Bioaccumulation of POPs and toxic elements in small cetaceans along European Atlantic coasts

Graham J. Pierce, Florence Caurant, Robin J. Law

Research output: Chapter in Book/Report/Conference proceedingChapter


Results on persistent organic and toxic element concentrations in tissues of small cetaceans from five northeast Atlantic European coastal regions in 2001-03 are summarised. PCB concentrations in blubber frequently exceeded the threshold at which effects on reproduction might be expected, notably in harbour porpoises from the southern North Sea (reflecting high concentrations in prey) and common dolphins from France. Concentrations were often higher in males than females, as expected since females transfer lipophilic pollutants to their offspring during pregnancy and lactation. Highest concentrations were recorded in blubber of bottlenose dolphins. The regional distributions of PBDE and HBCD concentrations differed from that of PCBs. Mercury concentrations
in liver were generally below the threshold for toxic effects. Cadmium levels never exceed the threshold for toxic effects and were higher in species feeding more on cephalopods. While strandings data may result in samples biased towards animals in a poor state of health, dangerously high concentrations of PCBs were nonetheless frequently recorded in small cetacean blubber during
Original languageEnglish
Title of host publicationProceedings of the ECS/ASCOBANS/ACCOBAMS Joint Workshop on Chemical Pollution and Marine Mammals
EditorsPeter G.H. Evans
Place of PublicationIsle of Anglesey
Number of pages13
Publication statusPublished - Aug 2013
EventProceedings of the ECS/Ascobans/Accobams Joint Workshop: European Cetacean Society’s 25th Annual Conference - Cádiz, Spain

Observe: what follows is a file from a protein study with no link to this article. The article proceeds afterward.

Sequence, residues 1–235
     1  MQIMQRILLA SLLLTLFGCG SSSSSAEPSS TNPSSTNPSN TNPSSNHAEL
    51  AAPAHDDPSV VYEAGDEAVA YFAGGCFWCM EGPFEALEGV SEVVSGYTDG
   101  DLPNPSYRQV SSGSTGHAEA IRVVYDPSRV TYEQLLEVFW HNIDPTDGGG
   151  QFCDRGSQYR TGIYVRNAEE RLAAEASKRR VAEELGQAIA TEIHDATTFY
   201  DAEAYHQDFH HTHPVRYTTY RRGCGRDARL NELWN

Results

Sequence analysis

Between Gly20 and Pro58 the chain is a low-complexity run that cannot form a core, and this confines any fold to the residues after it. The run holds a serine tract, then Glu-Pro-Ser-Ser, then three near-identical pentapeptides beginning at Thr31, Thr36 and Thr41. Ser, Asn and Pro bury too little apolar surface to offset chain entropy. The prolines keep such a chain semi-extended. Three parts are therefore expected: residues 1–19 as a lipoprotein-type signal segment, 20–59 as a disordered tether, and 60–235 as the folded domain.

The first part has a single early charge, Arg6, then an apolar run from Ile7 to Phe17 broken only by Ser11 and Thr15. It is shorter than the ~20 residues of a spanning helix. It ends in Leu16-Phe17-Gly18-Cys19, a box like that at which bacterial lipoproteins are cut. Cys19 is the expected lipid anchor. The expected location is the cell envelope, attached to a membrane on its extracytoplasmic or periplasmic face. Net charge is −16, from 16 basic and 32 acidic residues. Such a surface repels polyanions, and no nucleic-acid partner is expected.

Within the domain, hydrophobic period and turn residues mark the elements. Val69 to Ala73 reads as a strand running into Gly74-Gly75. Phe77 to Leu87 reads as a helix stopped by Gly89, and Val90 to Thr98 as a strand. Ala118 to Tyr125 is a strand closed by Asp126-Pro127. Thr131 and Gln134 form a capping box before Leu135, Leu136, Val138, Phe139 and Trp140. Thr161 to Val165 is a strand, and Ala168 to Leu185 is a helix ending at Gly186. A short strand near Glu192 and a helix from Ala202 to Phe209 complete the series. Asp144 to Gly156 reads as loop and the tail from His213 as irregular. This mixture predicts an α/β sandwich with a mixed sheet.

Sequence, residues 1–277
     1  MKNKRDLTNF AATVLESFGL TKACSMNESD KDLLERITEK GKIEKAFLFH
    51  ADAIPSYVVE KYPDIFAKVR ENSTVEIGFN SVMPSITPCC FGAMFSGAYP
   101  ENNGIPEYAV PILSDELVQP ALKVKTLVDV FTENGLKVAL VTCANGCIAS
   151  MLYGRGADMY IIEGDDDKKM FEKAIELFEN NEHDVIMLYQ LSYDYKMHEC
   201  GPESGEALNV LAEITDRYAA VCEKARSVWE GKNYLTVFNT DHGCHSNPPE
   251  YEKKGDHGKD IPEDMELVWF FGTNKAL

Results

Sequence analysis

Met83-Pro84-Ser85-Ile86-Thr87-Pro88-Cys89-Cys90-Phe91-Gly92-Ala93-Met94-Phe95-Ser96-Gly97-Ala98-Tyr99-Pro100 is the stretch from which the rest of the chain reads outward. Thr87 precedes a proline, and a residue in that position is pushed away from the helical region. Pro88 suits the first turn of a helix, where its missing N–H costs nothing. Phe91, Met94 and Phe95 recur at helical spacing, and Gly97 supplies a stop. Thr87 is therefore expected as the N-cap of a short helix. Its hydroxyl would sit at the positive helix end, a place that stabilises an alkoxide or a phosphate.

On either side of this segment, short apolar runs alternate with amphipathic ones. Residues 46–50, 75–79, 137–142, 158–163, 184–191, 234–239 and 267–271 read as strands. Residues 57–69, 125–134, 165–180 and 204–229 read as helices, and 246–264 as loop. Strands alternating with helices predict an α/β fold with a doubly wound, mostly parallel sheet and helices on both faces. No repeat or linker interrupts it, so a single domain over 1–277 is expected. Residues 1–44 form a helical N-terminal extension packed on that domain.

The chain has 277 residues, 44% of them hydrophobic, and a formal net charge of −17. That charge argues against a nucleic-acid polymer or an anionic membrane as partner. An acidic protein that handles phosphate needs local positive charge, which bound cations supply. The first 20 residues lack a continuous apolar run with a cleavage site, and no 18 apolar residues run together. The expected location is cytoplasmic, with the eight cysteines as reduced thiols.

Duration: 20 Mar 201120 Mar 2011

Publication series

NameECS Special Publication Series
PublisherEuropean Cetacean Society


ConferenceProceedings of the ECS/Ascobans/Accobams Joint Workshop
Internet address

Bibliographical note

The results presented here derive from data collected during the EC-funded BIOCET project (Bioaccumulation of persistent organic pollutants in small cetaceans in European waters: transport pathways and impact on reproduction, EVK3-CT-2000-00027. As such they represent the work of a large team of project members and collaborators, including: Begoña Santos, Jennifer Learmonth, Jamie Banks, Sarah Bannon, Fiona Read, Gabrielle Stowasser, Jianjun Wang, Lindsay Brown, Bill Edwards (University of Aberdeen, Aberdeen, UK); Emer Rogan, Sinead Murphy (University College, Cork, Ireland); Vincent Ridoux, Paco Bustamante, Virginie Lahaye, Willy Dabin, Olivier Van Canneyt, Laureline Meynier, Jérôme Spitz, Ghislain Dorémus, Cecile Vincent (University of La Rochelle / CRMM, France); Marjan Addink, Chris Smeenk, Manuel García-Hartmann (National Museum of Natural History, Leiden, The Netherlands); Jan Boon, Bart Zegers, Anchelique Mets (Netherlands Institute of Sea Research, The Netherlands); Angel González, Angel Guerra, Maria Teresa Fernandez, Camino Gestal (Instituto de Investigaciones Marinas, Vigo, Spain); Alain Zuur (Highland Statistics, UK); Colin Moffat (FRS Marine Laboratory, Aberdeen, UK); Christina Lockyer (Age Dynamics, Denmark); Bob Reid, Tony Patterson (SAC Veterinary Science Division, UK); Alfredo López, Josep Alonso (CEMMA, Spain) and other members of CEMMA; members of the Irish Whale and Dolphin Group; Thierry Jauniaux, Jean-Marie Bouquegneau (University of Liège, Belgium); Claude Joiris, Ludo Holsbeek (Free University of Belgium); and Paul Jepson (Institute of Zoology, London, UK).


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